Srikanth Srikanth - 1 month ago 8
Python Question

Help me understand Inorder Traversal without using recursion

I am able to understand preorder traversal without using recursion, but I'm having a hard time with inorder traversal. I just don't seem to get it, perhaps, because I haven't understood the inner working of recursion.

This is what I've tried so far:

def traverseInorder(node):
lifo = Lifo()
lifo.push(node)
while True:
if node is None:
break
if node.left is not None:
lifo.push(node.left)
node = node.left
continue
prev = node
while True:
if node is None:
break
print node.value
prev = node
node = lifo.pop()
node = prev
if node.right is not None:
lifo.push(node.right)
node = node.right
else:
break


The inner while-loop just doesn't feel right. Also, some of the elements are getting printed twice; may be I can solve this by checking if that node has been printed before, but that requires another variable, which, again, doesn't feel right. Where am I going wrong?

I haven't tried postorder traversal, but I guess it's similar and I will face the same conceptual blockage there, too.

Thanks for your time!

P.S.: Definitions of
Lifo
and
Node
:

class Node:
def __init__(self, value, left=None, right=None):
self.value = value
self.left = left
self.right = right

class Lifo:
def __init__(self):
self.lifo = ()
def push(self, data):
self.lifo = (data, self.lifo)
def pop(self):
if len(self.lifo) == 0:
return None
ret, self.lifo = self.lifo
return ret

Answer

Start with the recursive algorithm (pseudocode) :

traverse(node):
  if node != None do:
    traverse(node.left)
    print node.value
    traverse(node.right)
  endif

This is a clear case of tail recursion, so you can easily turn it into a while-loop.

traverse(node):
  while node != None do:
    traverse(node.left)
    print node.value
    node = node.right
  endwhile

You're left with a recursive call. What the recursive call does is push a new context on the stack, run the code from the beginning, then retrieve the context and keep doing what it was doing. So, you create a stack for storage, and a loop that determines, on every iteration, whether we're in a "first run" situation (non-null node) or a "returning" situation (null node, non-empty stack) and runs the appropriate code:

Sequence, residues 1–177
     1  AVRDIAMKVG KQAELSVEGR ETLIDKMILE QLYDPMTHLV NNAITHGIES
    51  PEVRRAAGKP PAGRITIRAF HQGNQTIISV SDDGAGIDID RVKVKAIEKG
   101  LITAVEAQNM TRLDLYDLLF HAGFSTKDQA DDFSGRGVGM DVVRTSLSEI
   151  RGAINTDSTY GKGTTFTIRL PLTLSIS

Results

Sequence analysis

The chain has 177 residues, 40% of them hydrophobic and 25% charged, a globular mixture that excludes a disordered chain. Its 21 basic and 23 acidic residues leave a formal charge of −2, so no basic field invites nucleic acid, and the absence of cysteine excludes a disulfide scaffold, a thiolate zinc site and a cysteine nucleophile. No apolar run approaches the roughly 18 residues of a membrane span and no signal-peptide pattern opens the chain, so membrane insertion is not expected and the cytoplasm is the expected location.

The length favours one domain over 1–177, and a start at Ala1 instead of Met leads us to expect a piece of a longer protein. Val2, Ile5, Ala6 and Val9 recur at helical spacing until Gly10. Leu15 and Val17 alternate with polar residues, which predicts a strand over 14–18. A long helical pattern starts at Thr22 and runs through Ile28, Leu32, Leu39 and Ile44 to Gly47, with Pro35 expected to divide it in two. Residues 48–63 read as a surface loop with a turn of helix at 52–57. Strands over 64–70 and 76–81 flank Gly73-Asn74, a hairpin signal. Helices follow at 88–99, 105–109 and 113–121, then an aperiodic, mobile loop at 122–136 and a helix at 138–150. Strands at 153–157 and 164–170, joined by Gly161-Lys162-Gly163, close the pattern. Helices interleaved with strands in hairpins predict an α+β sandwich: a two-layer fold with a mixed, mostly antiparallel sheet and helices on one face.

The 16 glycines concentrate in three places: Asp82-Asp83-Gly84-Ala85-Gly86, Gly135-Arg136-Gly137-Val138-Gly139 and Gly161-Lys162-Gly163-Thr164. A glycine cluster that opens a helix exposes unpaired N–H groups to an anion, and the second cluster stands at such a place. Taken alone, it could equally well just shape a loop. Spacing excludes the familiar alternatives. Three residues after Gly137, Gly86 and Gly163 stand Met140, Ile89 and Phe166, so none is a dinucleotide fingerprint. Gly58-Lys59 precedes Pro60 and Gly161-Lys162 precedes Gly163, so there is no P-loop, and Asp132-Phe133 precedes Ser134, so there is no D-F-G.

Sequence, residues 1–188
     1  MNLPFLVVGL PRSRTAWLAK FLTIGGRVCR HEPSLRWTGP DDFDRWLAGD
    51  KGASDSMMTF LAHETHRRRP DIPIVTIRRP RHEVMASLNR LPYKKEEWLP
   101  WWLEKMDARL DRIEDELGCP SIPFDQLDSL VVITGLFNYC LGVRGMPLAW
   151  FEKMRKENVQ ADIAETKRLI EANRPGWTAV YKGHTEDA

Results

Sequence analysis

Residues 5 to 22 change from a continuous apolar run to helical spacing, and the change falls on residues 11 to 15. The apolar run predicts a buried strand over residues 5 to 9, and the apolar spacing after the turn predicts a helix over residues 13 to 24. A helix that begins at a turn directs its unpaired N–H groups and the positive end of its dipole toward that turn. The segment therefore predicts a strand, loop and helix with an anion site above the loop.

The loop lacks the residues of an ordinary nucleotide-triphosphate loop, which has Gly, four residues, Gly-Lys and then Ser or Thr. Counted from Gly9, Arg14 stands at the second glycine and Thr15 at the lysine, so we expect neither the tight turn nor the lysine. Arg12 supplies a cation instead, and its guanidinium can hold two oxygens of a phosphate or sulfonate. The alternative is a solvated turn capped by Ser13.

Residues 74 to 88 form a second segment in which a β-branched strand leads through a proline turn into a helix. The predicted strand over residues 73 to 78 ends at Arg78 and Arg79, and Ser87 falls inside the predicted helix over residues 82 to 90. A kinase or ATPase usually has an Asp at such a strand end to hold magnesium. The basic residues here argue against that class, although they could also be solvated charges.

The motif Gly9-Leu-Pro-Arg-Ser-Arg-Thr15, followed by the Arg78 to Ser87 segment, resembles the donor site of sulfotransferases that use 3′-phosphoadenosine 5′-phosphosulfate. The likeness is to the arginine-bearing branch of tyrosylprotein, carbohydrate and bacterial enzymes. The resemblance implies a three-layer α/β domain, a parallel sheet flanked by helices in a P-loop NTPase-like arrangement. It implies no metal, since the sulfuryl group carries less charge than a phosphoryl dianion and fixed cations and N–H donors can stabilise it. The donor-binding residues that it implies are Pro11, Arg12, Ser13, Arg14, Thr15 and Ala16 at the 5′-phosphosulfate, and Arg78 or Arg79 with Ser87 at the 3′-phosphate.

traverse(node):
  stack = []
  while !empty(stack) || node != None do:
    if node != None do: // this is a normal call, recurse
      push(stack,node)
      node = node.left
    else // we are now returning: pop and print the current node
      node = pop(stack)
      print node.value
      node = node.right
    endif
  endwhile

The hard thing to grasp is the "return" part: you have to determine, in your loop, whether the code you're running is in the "entering the function" situation or in the "returning from a call" situation, and you will have an if/else chain with as many cases as you have non-terminal recursions in your code.

In this specific situation, we're using the node to keep information about the situation. Another way would be to store that in the stack itself (just like a computer does for recursion). With that technique, the code is less optimal, but easier to follow

traverse(node):
  // entry:
  if node == NULL do return
  traverse(node.left)
  // after-left-traversal:
  print node.value
  traverse(node.right)

traverse(node):
   stack = [node,'entry']
   while !empty(stack) do:
     [node,state] = pop(stack)
     switch state: 
       case 'entry': 
         if node == None do: break; // return
         push(stack,[node,'after-left-traversal']) // store return address
         push(stack,[node.left,'entry']) // recursive call
         break;
       case 'after-left-traversal': 
         print node.value;
         // tail call : no return address
         push(stack,[node.right,'entry']) // recursive call
      end
    endwhile 
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